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Chatam Sofer, Jewish scholar, died 175 years ago

CHATAM Sofer, born Mosche (i.e. Moses) Schreiber, is still respected in the orthodox milieu as one of the world’s greatest rabbis.

(Source: Sme - Pavol Majer)

CHATAM Sofer, born Mosche (i.e. Moses) Schreiber, is still respected in the orthodox milieu as one of the world’s greatest rabbis.

He was born on September 24, 1762, in Frankfurt am Main, Germany. Even during his studies, he stood out with deep knowledge and remarkable exegesis (critical scrutiny of text, especially religious). He consequently defended traditional Judaism. After having studied the Hebrew language, Torah and Talmud, he worked for the Jewish community in Boskovice, Prostějov and Strážnice in Bohemia, and later in Austrian Mattersdorf.

As already acknowledged scholar and expert on law, Chatam Sofer (Sofer means in Hebrew the same as his surname in German, meaning scribe or writer) arrived to Pressburg or Pozsiny (as Bratislava was called then) in 1806, and since October 13, he started here as rabbi. The name Chatam is an abbreviation of his main script, Chiduse Torah Mose – which is one of the basic pillars of Orthodox Judaism (an interpretation of Torah, five books of Moses which was a breakthrough in the interpretation of Talmud).

Sofer founded a Yeshiva (school for rabbis exploring traditional Jewish scripts, Torah and Talmud) in Pressburg, and taught hundreds of rabbis who later worked all around the world. Apart from teaching and exercising religious rituals, Sofer focused on religious judge’s activities, while his decisions were ultimately accepted by believers, without any doubts on their fairness. As a teacher and interpreter of Torah, he by far exceeded the borders of the city and the local Jewish community. Also other people, including emperors, accepted his advice, the TASR newswire wrote.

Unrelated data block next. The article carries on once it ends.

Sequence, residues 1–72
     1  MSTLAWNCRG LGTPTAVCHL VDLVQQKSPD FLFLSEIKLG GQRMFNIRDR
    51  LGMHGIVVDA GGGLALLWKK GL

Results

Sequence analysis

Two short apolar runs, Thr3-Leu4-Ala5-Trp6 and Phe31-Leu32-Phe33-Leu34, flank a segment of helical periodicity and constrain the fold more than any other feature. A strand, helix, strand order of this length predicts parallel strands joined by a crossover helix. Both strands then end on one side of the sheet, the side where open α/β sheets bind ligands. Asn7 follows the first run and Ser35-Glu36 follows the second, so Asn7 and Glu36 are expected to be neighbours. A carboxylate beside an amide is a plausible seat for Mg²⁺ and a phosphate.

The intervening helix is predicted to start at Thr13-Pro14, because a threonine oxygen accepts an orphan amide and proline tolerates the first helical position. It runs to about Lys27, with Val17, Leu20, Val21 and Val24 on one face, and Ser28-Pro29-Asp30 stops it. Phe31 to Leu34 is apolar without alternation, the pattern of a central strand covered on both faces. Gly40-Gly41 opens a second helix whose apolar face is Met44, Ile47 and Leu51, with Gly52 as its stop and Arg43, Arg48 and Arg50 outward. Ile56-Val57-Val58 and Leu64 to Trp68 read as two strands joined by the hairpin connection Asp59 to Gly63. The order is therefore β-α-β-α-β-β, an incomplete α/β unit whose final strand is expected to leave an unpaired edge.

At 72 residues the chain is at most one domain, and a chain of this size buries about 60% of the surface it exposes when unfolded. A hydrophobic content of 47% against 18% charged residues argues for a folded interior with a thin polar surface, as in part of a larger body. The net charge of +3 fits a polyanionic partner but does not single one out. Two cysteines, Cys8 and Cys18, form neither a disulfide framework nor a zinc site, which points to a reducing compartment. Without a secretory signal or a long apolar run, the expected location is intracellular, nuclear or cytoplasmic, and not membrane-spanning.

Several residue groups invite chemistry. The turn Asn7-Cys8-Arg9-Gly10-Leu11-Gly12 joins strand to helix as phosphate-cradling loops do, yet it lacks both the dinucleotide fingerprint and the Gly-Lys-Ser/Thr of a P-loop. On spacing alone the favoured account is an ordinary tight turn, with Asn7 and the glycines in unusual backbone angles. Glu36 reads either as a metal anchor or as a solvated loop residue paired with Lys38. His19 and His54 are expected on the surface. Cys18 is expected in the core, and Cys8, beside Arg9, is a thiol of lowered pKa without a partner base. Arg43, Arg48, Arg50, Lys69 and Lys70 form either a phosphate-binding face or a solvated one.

In 1809, when Pressburg was besieged by Napoleonic armies, he fled to Svätý Jur, now a municipality close to Bratislava, where he organised and led the charity activities for war-stricken and poor citizens. The synagogue in Svätý Jur remains the only still existing temple where Chatam Sofer worked.

He was also an excellent narrator and writer, who authored about 90 extensive works, thousands of letters, testimonials and expertises, several books, religious songs, and exegeses.

Rabbi Chatam Sofer died on Ocotber 3, 1839 in Pressburg, and was buried the next day on boards from his teaching desk. He died aged 77.

Currently, his grave is in the Bratislava-based Mausoleum of Chatam Sofer which was ceremonially opened in 2002 as a unique site of interest in Slovakia. The mausoleum is placed in the complex of the oldest Bratislava Jewish cemetery which was destroyed in World War II due to the construction of the tunnel which cuts through the hill under the Bratislava castle. In the original place, only a small group of about 23 graves of Bratislava scholars, centralised around the grave of Chatam Sofer was left then, covered with a concrete roof. Thus, this site became an underground space known as the Mausoleum of Chatam Sofer. It lies on the slope between the Danube River and the Bratislava Castle. The Mausoleum contains 23 graves in their original place, and 41 tombstones.

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